Previous month:
October 2009
Next month:
February 2010

November 2009

Simple and Good: Tomatoes in Tabouli


We've had quite the "Indian Summer" this fall which, in general, I don't like much. But the lingering of summertime vegetables helps dull the pain a little. Some summer tomatoes are still fruiting and fall ones are on their way. This kind of weather, which we've had up till today (it is 18 degrees cooler upstairs than it was this time yesterday - a brisk and welcome 61 degrees) has just begged for salads.

So on Tuesday we dined on arugula and romaine salad, the last of the goat cheese on bread, and sweet tabouli. Tabouli is as cool to make as it is to eat - no cooking, even of the grain!

And, may I add that it's nice on a week like this to ponder how some things - like sweet, red tomatoes popping out of vines - are just plain good. No deep reflecting, sifting, or ruminating required to see that. We all enjoyed them.

Good ol' Tabouli

2 cups cracked wheat (aka bulgher wheat)
2 cups hot, nearly boiling, water
a basket of cherry tomatoes, quartered or sliced
1/2 cup mint, chopped
1 1/2 cups parsley, chopped, if you have it (we didn't)
1/2 cup lemon juice
some olive oil (the recipes I have seen always call for more than I'm interested in adding; just a few tablespoons works for us). Pour water over wheat and wait about 30 minutes till wheat is softened. Add remaining ingredients, serve at room temperature

Attack of the Seminole pumpkins

Seminole Pumpkin Attack

Seminole Pumpkins are everywhere! I like them for so many reasons: They are native to this region; they grow in the summer; they are very productive; they're fairly high in calories for a vegetable (a good thing if you are aspiring to live off what is grown here); they're high in vitamins and minerals; and they are pretty tasty. Their only flaw: They are ridiculously hard to peel. And for that reason we had collected quite a few on our pantry shelf before I decided to make use of them.

The sloth's method of peeling pumpkins? Cook them first. We halved ours, removed the strings and seeds (for the most part) with a metal spoon, placed them insides down in a baking pan filled without about an inch of water, and baked, uncovered, for about an hour. Then we put them in the fridge to cool off. I understand you can do this in a microwave as well, if you have one, for less time - about ten minutes.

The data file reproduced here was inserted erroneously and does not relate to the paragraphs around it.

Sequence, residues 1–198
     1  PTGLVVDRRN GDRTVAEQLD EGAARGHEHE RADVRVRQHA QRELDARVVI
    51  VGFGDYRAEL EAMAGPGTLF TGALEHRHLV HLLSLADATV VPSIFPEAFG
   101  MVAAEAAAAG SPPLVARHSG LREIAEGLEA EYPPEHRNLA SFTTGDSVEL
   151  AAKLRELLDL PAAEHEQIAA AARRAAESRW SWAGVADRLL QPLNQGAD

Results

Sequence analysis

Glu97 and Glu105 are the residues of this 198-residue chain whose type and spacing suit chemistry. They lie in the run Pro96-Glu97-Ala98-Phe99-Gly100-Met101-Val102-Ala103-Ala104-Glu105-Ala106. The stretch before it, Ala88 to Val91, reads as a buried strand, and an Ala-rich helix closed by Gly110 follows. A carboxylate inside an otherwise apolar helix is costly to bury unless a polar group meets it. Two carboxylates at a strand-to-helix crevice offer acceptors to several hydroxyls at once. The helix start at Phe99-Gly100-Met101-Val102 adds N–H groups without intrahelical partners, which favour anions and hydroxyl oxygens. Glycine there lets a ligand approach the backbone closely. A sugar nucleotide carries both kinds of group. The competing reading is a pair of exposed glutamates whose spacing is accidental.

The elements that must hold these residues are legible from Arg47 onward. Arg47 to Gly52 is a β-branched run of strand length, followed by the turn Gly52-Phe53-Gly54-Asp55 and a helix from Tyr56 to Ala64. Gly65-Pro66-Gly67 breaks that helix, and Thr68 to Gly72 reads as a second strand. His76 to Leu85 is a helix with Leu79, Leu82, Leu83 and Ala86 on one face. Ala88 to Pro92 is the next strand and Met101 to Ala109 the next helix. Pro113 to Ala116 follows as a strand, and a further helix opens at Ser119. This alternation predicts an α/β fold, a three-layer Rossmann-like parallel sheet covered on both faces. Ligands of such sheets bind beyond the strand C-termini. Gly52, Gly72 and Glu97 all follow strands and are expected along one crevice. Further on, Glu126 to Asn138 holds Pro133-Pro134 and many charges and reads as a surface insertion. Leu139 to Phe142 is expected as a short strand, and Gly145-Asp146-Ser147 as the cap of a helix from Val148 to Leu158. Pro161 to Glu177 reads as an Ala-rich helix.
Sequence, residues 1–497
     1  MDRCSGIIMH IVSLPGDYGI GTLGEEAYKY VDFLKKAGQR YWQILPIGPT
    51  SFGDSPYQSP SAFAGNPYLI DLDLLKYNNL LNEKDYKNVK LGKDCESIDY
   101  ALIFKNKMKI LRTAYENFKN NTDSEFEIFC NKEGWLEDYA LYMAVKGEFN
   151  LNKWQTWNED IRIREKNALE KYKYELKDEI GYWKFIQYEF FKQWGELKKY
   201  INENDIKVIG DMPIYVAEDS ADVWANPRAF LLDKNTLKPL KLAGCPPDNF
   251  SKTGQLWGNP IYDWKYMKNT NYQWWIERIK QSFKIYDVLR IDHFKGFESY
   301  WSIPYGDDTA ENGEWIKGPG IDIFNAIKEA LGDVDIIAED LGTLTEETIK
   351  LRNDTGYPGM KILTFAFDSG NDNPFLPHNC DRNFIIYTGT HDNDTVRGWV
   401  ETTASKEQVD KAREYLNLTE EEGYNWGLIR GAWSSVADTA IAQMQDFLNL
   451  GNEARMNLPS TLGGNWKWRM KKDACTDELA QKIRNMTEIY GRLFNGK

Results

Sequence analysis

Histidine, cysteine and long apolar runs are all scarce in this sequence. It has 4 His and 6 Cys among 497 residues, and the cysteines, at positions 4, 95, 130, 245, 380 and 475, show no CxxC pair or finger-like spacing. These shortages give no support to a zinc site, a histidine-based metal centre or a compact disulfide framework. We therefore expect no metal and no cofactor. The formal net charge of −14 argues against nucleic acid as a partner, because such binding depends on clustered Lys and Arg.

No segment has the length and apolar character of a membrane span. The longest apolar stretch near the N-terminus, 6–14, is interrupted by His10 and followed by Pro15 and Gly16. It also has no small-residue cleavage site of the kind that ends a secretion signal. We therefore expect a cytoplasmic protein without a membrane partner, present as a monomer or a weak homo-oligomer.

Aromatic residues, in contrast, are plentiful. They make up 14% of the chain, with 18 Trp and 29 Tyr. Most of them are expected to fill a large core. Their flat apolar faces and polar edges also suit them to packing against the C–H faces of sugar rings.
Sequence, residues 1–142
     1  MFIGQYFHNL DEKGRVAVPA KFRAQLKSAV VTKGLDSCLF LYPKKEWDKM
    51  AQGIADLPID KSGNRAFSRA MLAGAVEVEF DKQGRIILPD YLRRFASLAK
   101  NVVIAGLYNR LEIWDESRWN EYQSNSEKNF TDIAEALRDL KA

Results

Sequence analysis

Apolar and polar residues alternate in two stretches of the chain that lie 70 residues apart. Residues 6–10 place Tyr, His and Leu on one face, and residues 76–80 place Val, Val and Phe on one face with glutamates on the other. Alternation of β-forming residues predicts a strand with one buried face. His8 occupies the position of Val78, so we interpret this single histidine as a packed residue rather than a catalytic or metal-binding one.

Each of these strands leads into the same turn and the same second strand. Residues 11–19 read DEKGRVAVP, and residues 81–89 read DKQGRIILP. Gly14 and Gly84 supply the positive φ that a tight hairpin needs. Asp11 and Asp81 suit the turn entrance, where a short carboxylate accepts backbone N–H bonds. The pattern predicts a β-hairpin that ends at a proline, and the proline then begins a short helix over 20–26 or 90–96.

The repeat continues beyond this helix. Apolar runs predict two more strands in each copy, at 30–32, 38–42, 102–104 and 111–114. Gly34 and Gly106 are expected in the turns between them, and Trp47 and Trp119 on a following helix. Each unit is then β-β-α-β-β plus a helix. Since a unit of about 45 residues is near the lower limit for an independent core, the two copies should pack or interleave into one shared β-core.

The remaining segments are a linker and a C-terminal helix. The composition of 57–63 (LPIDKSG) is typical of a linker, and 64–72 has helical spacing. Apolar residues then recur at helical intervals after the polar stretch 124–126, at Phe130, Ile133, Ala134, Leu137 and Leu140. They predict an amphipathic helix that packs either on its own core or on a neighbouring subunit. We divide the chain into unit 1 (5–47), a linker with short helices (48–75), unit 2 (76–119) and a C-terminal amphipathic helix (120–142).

For Wednesday's "cafe," we made another soup inspired by the wonderful Mollie Katzen (in Moosewood Restaurant Daily Special), but substituting pumpkin for a number of other ingredients. Here's the recipe, in the loose style of our grandmas who used what they had in the amount that they needed. I have found again and again that the actual ingredients and amounts don't matter very much. It's very freeing to create the amount you actually need with what you've got on hand! And it's worked for generations...

Spunky Punkin & Potato Soup

butter or olive oil
finely chopped potatoes (between a chop and a dice)
cooked pumpkin (see above), peeled and chopped
frozen peas (we don't do this often, but till there's more local "green" at the market...)
spunkiness: chopped olives, pickled jalapenos or banana peppers, capers, or a mix of these
optional: sour cream

Chop finely enough onions to cover the bottom of your pot by 1 or 2 inches. Saute in a little butter. When onions are soft, fill the pot to the halfway point with potatoes, bring to a boil and simmer for 20-30 minutes, until potatoes are so soft they are falling apart. Remove from burner for a moment and, with a potato masher, gently mash potatoes in the pot until they are fairly pulverized (there will still be pieces of various sizes). Put back on burner and add chopped pumpkin to the 2/3 mark, while bringing back to a boil, add some frozen peas - and a little water if necessary. Finally, add something "spunky" from the list above. We used a mixure of green olives and pickled jalapenos. Sour cream produces a creamier - and very pretty - soup. To use it, place it in a mixing bowl and stir in a ladle of soup. Add the mixture back to the soup and stir. Salt and pepper to taste.

Spunky Punkin and Potato